Any bot that makes it through both filters must face Axos’ email provider’s security system, which warns workers about potentially hostile bots before they click on phishing emails, for example. Employees that ignore this warning are still protected by Axos’ final security layer: a network perimeter defense consisting of intrusion detection systems and firewalls to protect against automated malware.
Fraudsters’ motives are always changing, however — meaning Axos and other digital banks will need to stay on their toes to anticipate the latest threats.
Digital Fraud Evolves and Adapts
Bad actors’ methods have changed in the past and will certainly evolve in the future, Valipireddy said. The last few years have seen a sea change in fraud methods, as bad actors shift from opportunistic rabble-rousing to more targeted attacks for monetary gain.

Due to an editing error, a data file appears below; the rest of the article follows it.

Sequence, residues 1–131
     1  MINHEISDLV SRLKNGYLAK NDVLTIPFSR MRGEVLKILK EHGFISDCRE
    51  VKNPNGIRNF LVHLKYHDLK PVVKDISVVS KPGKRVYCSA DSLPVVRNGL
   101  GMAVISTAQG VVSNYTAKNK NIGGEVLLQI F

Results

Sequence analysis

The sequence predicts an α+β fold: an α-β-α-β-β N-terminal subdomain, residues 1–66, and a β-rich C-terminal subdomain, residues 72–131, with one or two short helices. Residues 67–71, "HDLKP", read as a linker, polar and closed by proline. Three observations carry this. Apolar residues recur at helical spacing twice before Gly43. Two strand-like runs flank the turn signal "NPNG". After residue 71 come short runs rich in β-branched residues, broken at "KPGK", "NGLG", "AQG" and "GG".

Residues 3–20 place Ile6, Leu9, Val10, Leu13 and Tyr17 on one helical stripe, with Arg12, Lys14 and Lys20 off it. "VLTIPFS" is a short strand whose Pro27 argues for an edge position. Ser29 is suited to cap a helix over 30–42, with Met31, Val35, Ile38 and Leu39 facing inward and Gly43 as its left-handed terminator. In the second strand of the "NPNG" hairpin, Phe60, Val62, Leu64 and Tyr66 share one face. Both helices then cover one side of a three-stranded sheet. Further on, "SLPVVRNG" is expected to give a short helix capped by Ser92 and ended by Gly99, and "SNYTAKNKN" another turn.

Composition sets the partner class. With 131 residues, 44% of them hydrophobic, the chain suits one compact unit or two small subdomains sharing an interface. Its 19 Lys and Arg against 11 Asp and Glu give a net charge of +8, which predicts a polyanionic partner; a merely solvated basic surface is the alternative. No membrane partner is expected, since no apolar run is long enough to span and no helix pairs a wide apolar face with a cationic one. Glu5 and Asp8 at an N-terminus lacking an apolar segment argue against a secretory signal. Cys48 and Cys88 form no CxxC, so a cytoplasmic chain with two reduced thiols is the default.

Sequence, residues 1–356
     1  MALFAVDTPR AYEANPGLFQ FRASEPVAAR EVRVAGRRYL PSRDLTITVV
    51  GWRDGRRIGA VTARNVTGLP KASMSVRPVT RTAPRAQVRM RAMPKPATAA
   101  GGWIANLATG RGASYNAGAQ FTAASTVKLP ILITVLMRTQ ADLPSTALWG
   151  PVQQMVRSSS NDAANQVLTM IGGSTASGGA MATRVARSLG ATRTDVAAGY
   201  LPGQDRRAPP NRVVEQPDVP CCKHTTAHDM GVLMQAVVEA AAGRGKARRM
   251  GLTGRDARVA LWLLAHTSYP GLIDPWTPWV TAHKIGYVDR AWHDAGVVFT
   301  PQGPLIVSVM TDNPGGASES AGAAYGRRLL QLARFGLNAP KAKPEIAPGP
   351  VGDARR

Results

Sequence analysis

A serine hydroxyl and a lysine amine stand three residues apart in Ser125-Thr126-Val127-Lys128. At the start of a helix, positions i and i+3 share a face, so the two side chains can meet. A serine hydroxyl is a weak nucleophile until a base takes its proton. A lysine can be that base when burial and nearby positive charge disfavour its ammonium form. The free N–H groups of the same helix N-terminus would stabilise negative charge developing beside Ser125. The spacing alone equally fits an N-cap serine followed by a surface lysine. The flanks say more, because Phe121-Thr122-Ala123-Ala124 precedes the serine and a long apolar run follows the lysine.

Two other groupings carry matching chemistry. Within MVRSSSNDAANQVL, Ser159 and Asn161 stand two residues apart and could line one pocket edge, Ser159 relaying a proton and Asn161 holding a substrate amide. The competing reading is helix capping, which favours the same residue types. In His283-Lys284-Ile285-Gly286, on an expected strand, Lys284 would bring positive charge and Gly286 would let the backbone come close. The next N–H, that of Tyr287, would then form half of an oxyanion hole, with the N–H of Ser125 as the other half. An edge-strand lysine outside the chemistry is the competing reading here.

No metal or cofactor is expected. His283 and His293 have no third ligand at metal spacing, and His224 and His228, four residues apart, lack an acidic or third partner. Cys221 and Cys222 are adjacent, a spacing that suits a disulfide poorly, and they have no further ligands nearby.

“Hackers’ motivations have largely shifted over the last decade, from just causing disruptions to carrying out attacks for the sole purpose of making money, [like] holding individuals or groups [for] ransom,” he noted. “Currently, much of the ransomware attacks are opportunistic in that a bad actor can spray the malware to a large number of organizations and hope that some of them will fall prey to it. As we continue to mature our cyber defenses, the hackers will lean toward targeted ransomware attacks that are more sophisticated, but could reap larger payoffs.”
This change in strategy will need to be echoed in digital fraud defenses for the entire financial industry, especially before hackers get too far ahead. Playing catch-up will only result in FIs perpetually fighting last month’s fraud rather than the current trend, which will almost certainly lead to fraudsters’ success.